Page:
The Delhi assembly lacks the powers to make laws relating to police, public order and land, says Akshat Kaushal
When Arvind Kejriwal had last knocked on Narendra Modi’s door -- for an appointment, in Gujarat, before last year’s Lok Sabha elections -- the latter had slammed the door on him. Back as chief minister of Delhi, Kejriwal will now hope for a more courteous welcome, especially because he will need Modi’s support to be able to fulfil almost all of his manifesto promises.
Modi, now the prime minister of India, realises that, too. He was quick to convey this to Kejriwal.
“Spoke to @ArvindKejriwal & congratulated him on the win. Assured him Centre’s complete support in the development of Delhi,” Modi said on microblogging site Twitter after it became clear on Tuesday that the Aam Aadmi Party, under Kejriwal, was coming to power in Delhi.
Unlike those of other states, the chief minister of Delhi enjoys limited powers.
According to the 69th amendment to the Constitution, the Delhi assembly lacks the powers to make laws relating to police, public order and land.
The problem is compounded by the presence of three municipal bodies -- the New Delhi Municipal Council, the Municipal Corporation of Delhi and the Cantonment Board -- all of which are under control of the central government.
Also, apart from the three restricted entries in the state list, Kejriwal will need the the Centre’s cooperation on many subjects that overlap with Centre’s powers.
“For 24 years, the constitutional provisions have been violated. There are 57 areas under the Delhi Development Authority (DDA) and about 60 items under MCD where the Delhi government cannot do anything without the Union government’s approval. MCD cannot take even simple decisions like increasing the fine for littering on the street; the central government can do so,” says Shailaja Chandra, a former chief secretary of
In its 42-page manifesto, Kejriwal’s AAP promises, among other things, statehood for Delhi, restructuring of DDA and MCD, and a new Lok Pal Act to strengthen the present Delhi Lok Ayukta. Each of these proposals needs the central government’s approval — a fact the party does not mention in the manifesto.
The promise of full statehood requires an amendment to the Constitution through an Act of Parliament. Even the Modi-led central government cannot do this on its own, given that the ruling National Democratic Alliance does not have enough members in the Rajya Sabha.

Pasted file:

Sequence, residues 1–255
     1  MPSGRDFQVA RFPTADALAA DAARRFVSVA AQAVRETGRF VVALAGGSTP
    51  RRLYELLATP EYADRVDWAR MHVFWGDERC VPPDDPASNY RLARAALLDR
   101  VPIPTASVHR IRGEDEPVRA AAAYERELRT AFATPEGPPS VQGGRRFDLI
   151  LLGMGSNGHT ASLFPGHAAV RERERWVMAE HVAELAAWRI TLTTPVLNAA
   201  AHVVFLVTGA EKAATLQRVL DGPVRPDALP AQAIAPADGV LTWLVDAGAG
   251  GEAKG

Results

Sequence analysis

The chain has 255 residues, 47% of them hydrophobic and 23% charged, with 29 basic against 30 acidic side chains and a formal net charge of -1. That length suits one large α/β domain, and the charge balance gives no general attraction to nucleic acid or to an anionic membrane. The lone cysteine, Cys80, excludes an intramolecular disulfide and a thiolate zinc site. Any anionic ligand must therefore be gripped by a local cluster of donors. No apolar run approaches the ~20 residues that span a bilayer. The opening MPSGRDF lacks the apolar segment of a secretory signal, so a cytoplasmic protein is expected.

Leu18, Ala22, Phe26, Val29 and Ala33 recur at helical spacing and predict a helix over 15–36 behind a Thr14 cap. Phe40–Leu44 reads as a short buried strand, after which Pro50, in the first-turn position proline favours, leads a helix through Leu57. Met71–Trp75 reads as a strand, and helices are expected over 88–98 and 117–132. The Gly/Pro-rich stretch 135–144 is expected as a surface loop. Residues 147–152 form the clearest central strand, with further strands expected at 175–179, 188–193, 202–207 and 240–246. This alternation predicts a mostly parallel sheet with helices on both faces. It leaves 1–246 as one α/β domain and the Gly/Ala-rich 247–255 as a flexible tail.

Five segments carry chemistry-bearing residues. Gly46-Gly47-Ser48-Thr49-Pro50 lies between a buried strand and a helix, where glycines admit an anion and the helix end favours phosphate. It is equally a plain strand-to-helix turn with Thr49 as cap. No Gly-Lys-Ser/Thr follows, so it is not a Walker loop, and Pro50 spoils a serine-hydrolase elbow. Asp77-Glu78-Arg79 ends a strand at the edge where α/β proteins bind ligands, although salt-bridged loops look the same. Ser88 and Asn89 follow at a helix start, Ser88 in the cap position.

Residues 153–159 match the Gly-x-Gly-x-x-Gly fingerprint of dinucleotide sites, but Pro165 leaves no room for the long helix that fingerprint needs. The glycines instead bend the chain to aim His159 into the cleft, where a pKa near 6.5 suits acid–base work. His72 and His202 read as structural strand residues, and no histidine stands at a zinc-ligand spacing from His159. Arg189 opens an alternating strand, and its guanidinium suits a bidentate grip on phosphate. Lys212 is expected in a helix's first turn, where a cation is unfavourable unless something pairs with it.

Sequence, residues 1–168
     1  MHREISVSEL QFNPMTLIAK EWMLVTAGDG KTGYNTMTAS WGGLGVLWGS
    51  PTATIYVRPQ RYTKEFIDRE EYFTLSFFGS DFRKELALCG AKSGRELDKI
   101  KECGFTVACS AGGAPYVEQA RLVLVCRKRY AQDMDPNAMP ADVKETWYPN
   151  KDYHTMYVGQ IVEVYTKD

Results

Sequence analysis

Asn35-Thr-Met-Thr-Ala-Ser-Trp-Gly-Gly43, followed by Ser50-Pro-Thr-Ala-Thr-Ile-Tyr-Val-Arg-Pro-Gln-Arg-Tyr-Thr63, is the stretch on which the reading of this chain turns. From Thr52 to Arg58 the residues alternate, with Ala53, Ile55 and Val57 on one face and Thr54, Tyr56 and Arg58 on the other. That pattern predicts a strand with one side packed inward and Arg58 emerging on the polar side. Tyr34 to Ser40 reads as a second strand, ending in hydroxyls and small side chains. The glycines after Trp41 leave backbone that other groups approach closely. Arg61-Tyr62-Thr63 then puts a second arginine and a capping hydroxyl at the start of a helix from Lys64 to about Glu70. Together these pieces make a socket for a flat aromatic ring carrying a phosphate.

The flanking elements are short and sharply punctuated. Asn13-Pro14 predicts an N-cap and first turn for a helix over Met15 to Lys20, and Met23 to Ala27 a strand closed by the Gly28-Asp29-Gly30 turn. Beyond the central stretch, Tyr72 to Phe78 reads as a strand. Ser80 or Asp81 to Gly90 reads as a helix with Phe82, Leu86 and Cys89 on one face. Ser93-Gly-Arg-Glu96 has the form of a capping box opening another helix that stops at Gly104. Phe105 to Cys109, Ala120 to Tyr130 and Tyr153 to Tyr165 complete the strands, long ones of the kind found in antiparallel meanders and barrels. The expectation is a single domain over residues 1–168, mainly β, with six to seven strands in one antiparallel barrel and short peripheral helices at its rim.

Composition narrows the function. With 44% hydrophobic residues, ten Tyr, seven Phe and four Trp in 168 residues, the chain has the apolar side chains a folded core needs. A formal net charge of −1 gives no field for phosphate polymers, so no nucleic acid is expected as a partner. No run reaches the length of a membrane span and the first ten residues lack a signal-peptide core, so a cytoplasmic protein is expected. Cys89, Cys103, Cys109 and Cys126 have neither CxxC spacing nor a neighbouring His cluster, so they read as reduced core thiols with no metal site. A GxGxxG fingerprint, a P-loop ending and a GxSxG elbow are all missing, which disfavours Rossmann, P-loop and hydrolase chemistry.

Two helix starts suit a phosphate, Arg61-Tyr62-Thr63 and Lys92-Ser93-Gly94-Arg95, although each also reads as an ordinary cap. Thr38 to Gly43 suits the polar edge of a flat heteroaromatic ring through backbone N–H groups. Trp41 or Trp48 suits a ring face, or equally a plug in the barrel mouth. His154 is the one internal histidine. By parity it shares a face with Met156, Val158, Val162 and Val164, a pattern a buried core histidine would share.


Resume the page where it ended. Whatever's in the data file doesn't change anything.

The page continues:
AAP’s proposal to restructure DDA does not mention that the body is fully under the Union urban development ministry, so the Delhi government has no powers over it. MCD is governed by a legislation passed by Parliament, so only the Centre can make any change to it.
Even the promise of introducing the Jan Lok Pal Bill looks unsustainable, as the Lieutenant-Governor (L-G) of Delhi, Najeeb Jung, had last year refused to give his consent for the Bill, on the grounds that the Delhi Assembly was not competent enough to pass such a legislation. Any money Bill requires the L-G’s approval before being introduced in the Assembly. Jung’s consent, it is believed, will depend on the Centre’s comfort with AAP’s Bill.
“The system in Delhi is designed to fail,” says Shakti Sinha, until recently a senior bureaucrat in the Delhi government. “It is difficult for even a seasoned bureaucrat to be sure where the central government’s powers end and where the state government’s begin.”
Even the rather innocuous-looking promise of opening 500 new schools and 20 new colleges needs the Centre’s support, as land in Delhi is a Union government subject.
The AAP manifesto, released on January 31, says “proceedings of court cases will be video-recorded and made available to the public”.
The manifesto, however, seems to have missed the January 3 judgment of a three-judge Supreme Court bench that made it clear no court proceedings would be video-recorded.